Review: Springsteen Does Another Political Fakeout With ‘We Take Care of Our Own’

If you loved “Born in the USA” — for the right or wrong reasons — you’ll hear anguished echoes in Bruce’s new single, from his new album due March 6

Back in the mid-‘80s, Bruce Springsteen’s theme song might as well have been “Don’t Let Me Be Misunderstood,” as his not-very-gung-ho protest song “Born in the USA” got misappropriated for all sorts of unironically patriotic purposes, not least of all by Ronald Reagan.

With his new single, “We Take Care of Our Own,” Springsteen seems to be throwing up a gauntlet: Misunderstand me. Go on, I dare you.

Advance word about the artist’s upcoming album, “Wrecking Ball” (due out March 6), has touted the set as “his angriest ever” as well as concerned with themes of “economic justice.” So it might be confusing, at least for the first stanza or so, to hear this teaser track bust out of the gate with a seemingly jubilant sound and unabashedly inspirational chorus.

But its déjà “USA” all over again, as Springsteen mines the entire lyric with evocations of American promises unfulfilled. There’s not a line in the song that isn’t riddled with doubt, except for the title one. Every verse is so unremittingly unsure in its patriotism that the only certainty is that Romney or Gingrich certainly won’t fall into Bruce’s Br’er Rabbit trap, as Reagan did.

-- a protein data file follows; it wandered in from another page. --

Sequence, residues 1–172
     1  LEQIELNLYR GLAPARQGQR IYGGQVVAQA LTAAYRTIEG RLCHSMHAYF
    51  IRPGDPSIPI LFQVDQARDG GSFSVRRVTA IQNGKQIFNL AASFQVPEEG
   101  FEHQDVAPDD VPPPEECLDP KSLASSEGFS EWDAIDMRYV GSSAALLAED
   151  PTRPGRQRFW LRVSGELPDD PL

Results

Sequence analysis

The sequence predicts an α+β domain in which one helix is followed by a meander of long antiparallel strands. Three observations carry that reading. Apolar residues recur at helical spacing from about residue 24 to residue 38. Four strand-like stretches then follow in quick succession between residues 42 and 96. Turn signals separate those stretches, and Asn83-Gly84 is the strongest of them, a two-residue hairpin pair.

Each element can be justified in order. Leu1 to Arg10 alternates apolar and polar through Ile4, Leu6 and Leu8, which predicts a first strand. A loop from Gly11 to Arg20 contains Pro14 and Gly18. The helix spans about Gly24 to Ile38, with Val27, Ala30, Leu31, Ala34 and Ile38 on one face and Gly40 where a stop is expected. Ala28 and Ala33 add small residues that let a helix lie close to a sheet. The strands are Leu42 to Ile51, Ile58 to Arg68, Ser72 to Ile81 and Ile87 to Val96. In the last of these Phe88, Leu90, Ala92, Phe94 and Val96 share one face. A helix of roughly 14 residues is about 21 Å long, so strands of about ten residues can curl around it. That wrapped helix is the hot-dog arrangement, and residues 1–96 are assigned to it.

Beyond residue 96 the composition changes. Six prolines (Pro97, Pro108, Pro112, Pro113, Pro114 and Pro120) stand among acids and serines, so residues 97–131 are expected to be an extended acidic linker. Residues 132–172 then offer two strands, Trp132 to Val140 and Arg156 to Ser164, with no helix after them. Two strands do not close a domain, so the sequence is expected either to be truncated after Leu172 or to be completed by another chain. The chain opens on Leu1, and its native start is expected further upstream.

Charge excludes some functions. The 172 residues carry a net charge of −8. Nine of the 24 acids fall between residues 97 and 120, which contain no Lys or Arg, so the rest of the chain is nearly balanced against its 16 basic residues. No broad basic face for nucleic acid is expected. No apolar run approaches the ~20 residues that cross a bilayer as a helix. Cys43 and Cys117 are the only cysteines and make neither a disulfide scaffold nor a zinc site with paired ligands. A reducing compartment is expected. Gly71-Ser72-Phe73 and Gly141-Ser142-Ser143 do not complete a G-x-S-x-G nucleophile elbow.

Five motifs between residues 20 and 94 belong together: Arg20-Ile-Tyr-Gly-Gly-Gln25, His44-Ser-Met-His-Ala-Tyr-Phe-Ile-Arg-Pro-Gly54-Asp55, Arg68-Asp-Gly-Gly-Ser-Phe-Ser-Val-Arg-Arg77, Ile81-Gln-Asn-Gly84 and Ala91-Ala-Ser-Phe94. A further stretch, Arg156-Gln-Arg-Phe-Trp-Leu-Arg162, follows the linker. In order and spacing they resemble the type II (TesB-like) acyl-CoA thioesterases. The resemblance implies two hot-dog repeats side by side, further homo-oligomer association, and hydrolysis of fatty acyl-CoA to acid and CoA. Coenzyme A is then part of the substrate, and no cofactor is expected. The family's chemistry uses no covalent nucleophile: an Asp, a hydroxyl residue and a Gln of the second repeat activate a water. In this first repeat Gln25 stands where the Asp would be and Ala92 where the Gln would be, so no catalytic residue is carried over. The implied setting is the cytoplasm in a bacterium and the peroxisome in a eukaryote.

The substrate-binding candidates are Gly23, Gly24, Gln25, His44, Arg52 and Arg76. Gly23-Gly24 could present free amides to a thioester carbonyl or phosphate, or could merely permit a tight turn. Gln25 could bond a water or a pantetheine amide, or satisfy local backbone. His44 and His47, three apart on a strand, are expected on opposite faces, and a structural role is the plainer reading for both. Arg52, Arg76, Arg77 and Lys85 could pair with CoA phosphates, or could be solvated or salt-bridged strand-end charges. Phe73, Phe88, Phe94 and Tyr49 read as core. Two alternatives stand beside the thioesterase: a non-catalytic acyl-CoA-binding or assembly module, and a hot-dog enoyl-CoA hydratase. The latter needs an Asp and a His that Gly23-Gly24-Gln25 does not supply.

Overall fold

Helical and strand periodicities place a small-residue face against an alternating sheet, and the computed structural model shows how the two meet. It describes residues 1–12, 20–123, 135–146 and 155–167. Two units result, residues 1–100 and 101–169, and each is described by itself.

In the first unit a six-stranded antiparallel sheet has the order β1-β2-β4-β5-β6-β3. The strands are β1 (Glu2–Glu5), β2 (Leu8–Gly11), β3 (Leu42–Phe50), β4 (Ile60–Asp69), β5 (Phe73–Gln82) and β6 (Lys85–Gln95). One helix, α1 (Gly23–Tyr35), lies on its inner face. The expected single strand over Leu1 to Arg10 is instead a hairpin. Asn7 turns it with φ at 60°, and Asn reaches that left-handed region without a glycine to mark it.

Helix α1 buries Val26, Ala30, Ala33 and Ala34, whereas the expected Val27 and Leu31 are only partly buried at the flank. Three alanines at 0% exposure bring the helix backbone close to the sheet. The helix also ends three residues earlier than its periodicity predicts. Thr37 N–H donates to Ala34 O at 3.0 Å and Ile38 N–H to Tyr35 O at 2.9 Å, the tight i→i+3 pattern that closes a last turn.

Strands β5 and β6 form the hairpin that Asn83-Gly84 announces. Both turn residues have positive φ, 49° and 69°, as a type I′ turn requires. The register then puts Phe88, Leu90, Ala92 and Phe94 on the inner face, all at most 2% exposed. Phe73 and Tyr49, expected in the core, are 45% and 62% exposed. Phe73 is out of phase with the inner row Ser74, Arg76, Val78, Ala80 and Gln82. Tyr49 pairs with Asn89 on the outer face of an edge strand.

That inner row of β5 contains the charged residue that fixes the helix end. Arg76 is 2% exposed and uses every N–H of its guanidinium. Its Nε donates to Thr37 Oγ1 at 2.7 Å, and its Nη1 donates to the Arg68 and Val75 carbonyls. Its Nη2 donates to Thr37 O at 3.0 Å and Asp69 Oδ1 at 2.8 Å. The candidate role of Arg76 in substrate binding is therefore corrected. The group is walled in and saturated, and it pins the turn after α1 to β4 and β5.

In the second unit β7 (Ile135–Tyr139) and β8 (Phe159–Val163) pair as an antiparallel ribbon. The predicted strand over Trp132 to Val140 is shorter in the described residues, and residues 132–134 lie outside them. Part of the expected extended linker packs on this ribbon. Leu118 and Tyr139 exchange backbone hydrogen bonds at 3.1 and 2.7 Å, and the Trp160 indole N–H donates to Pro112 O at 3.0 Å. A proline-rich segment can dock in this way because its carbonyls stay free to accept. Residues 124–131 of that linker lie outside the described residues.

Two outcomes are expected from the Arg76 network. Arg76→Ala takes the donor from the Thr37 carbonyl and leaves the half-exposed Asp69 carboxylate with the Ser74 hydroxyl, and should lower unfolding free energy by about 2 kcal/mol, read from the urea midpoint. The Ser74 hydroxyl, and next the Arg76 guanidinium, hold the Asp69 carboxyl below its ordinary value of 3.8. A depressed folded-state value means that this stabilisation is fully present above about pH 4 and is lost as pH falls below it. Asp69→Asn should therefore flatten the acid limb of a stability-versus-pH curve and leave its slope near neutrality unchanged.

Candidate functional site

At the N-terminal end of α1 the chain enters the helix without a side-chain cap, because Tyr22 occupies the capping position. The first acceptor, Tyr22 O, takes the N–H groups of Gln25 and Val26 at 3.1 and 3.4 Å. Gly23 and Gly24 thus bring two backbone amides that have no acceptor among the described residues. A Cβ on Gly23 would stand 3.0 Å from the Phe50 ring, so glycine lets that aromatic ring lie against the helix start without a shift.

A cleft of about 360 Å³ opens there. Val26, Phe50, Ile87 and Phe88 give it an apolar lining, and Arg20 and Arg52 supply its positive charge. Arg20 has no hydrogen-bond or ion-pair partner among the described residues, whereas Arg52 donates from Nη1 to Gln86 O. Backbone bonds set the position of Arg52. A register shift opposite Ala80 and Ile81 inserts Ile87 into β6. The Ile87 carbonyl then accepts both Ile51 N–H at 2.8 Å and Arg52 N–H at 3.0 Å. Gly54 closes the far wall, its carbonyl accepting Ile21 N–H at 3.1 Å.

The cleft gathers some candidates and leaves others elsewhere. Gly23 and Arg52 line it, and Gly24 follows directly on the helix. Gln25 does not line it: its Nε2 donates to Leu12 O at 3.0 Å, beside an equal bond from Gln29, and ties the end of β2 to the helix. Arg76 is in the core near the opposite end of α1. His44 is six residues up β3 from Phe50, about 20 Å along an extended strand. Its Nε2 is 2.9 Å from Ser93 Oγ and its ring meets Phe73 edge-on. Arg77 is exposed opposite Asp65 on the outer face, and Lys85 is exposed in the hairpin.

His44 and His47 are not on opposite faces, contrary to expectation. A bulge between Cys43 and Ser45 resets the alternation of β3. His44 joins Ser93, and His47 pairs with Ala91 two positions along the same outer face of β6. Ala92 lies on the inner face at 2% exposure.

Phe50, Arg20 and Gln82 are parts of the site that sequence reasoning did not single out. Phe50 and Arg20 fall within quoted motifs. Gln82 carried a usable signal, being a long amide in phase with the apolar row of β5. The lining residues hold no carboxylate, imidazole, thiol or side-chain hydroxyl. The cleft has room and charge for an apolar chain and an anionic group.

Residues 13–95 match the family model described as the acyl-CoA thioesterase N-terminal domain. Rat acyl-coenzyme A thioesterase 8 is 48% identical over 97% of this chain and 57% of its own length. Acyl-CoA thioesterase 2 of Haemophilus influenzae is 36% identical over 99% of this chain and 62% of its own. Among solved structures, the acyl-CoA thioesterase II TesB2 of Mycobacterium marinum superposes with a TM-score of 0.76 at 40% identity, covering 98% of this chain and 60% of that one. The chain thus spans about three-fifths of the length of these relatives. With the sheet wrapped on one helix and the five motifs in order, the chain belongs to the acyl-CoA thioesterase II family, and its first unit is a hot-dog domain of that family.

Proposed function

“The road of good intentions has gone dry as a bone,” he sings, barely able to squeeze the barbed line into the bar of music allotted. “Where’re the hearts that run over with mercy? … Where’s the promise from sea to shining sea?”

(Review continues after video.)

It’s not just “America the Beautiful” that Bruce references here. When he sings “From the shotgun shack to the Superdome,” he’s clearly alluding to Woody Guthrie’s “This Land is Your Land,” which was arguably the most misunderstood song of all time prior to “Born in the USA.”

Springsteen may be riffing on the Who when he sings “Where’s the spirit that’ll reign rein over me.” He’s almost certainly alluding to the New Testament when he asks, “Where’s the love that has not forsaken me.”

Which leads to the burning question: When he sings “There ain’t no help, the Calvary stayed home,” did he intend to say “cavalry” — a verbal typo, if you will — or did Springsteen really mean to trade in his political statements for a theological one right there?

Even if Republicans won’t be in any rush to embrace the sentiments of rock’s most beloved Democrat this time, expect a few to claim this single could still serve as a conservative anthem anyway. “Taking care of our own” is a core tenet of the philosophy formerly known as compassionate conservatism, right?

But as pointed as the song is, it’s not entirely clear whether Springsteen means the title refrain as a hopeful affirmation of brothers stepping in to provide a safety net where government won’t (or, to conservatives, shouldn’t), or whether he’s employing it ironically, as a sad taunt about disappearing safety nets.

Either way, there’s certainly more to chew on in the lyrics than in the music, which feels sing-songy-repetitive even in the short space of under four minutes. Although E Street Band members play on the new album (along with other musicians), the sound harks back more to Springsteen’s highly synthesizer-driven ‘90s days than any classic signature sound, with the electronic “handclaps” in particular sounding strangely dated.

Here’s hoping that, come March, the politically charged “Wrecking Ball” will find just the right balance between E Street and K Street.